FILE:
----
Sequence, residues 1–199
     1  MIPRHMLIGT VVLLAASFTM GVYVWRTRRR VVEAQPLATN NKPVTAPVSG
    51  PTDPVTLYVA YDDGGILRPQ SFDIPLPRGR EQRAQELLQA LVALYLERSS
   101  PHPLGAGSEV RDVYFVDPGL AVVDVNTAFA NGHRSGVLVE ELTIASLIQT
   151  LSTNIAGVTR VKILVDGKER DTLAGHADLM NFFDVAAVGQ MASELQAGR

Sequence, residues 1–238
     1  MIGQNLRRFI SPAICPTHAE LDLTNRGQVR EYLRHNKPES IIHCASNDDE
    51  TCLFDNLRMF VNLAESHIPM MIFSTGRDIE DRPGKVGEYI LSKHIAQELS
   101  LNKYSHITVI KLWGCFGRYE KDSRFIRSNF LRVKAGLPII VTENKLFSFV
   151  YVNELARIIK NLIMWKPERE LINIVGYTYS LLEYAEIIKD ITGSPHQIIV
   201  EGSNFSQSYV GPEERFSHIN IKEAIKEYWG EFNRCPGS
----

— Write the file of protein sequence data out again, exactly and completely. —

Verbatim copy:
Sequence, residues 1–199
     1  MIPRHMLIGT VVLLAASFTM GVYVWRTRRR VVEAQPLATN NKPVTAPVSG
    51  PTDPVTLYVA YDDGGILRPQ SFDIPLPRGR EQRAQELLQA LVALYLERSS
   101  PHPLGAGSEV RDVYFVDPGL AVVDVNTAFA NGHRSGVLVE ELTIASLIQT
   151  LSTNIAGVTR VKILVDGKER DTLAGHADLM NFFDVAAVGQ MASELQAGR

Sequence, residues 1–238
     1  MIGQNLRRFI SPAICPTHAE LDLTNRGQVR EYLRHNKPES IIHCASNDDE
    51  TCLFDNLRMF VNLAESHIPM MIFSTGRDIE DRPGKVGEYI LSKHIAQELS
   101  LNKYSHITVI KLWGCFGRYE KDSRFIRSNF LRVKAGLPII VTENKLFSFV
   151  YVNELARIIK NLIMWKPERE LINIVGYTYS LLEYAEIIKD ITGSPHQIIV
   201  EGSNFSQSYV GPEERFSHIN IKEAIKEYWG EFNRCPGS